In recent cases, the Superior Court has adopted a permissive attitude towards hearsay and allowed cases to proceed to the Court of Common Pleas based on hearsay alone. The Supreme Court has not yet intervened, dismissing the appeal in Commonwealth v. Ricker as improvidently granted. However, the Supreme Court did recently decide to review this issue again in the case of Commonwealth v. McClelland. The Court has not yet ruled in that case. Nonetheless, many judges and magistrates, particularly in Philadelphia, will not allow the Commonwealth to proceed at a preliminary hearing with only hearsay testimony.
In this case, R.P. was charged with Burglary and related theft charges after police pulled him over as he exited a property that was being renovated. The officer stopped R.P. and his passenger, and the officer testified that he was able to see copper piping in the back of the car that R.P. was driving. The officer testified that R.P. told him that he had been scrapping and that the property from which R.P. exited was often the target of burglary attempts and that it was not well secured. The Commonwealth then introduced an ownership and non permission form stating that R.P. did not have permission to enter the property.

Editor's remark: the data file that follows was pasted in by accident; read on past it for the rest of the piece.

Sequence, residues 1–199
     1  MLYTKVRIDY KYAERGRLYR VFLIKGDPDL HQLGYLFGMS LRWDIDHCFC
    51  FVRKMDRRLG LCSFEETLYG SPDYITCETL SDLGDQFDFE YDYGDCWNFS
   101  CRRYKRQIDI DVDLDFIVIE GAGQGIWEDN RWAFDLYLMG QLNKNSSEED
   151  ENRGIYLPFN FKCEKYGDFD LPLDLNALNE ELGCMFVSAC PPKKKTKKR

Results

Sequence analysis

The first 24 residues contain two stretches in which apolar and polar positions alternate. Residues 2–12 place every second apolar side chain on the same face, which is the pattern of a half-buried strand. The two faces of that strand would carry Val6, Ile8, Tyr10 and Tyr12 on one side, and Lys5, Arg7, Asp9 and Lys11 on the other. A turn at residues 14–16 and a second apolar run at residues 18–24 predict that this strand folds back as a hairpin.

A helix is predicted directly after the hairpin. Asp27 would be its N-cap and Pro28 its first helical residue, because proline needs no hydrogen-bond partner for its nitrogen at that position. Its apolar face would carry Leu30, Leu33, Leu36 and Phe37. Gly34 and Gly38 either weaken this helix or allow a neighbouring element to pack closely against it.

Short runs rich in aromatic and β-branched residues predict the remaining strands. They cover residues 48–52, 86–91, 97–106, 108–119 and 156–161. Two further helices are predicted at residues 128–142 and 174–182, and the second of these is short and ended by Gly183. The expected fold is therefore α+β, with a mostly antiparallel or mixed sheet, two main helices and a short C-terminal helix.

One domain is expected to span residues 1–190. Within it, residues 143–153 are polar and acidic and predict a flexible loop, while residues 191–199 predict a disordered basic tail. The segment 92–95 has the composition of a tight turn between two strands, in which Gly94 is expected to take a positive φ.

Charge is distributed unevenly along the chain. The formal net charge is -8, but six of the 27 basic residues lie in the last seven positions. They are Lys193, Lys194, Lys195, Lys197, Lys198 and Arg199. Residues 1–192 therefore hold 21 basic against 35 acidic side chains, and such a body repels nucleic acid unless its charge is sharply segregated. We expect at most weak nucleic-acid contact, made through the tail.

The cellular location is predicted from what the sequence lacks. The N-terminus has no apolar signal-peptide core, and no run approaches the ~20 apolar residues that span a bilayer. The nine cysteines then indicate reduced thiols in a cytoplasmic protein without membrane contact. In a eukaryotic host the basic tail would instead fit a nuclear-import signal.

On cross-examination, Attorney Goldstein successfully showed that the officer did not know whether the copper piping actually came from inside the property. The officer had not inspected the premises to see if he could determine from where the pipe had been cut. Further, because the property had been repeatedly burglarized, including earlier that day, the damage to the back door could not be linked to R.P. Accordingly, with no evidence that the piping actually came from that property or that R.P. had actually entered the property, the Philadelphia Municipal Court judge dismissed all of the charges at the end of the preliminary hearing. The judge found that the evidence was insufficient and that any indication on the ONP form that R.P. had entered the property was excessive hearsay. This was particularly because the ONP form was not properly signed by the witness.
Facing Criminal Charges? We Can Help.
The Philadelphia criminal defense lawyers of Goldstein Mehta LLC will fight for your rights at trial or on appeal. Our attorneys have successfully defended thousands of cases in Philadelphia and the surrounding counties, and we can help with all types of state and federal charges in Pennsylvania and New Jersey. We offer a free criminal defense strategy session to any potential client. Call 267-225-2545 to speak with an experienced and understanding criminal defense attorney today.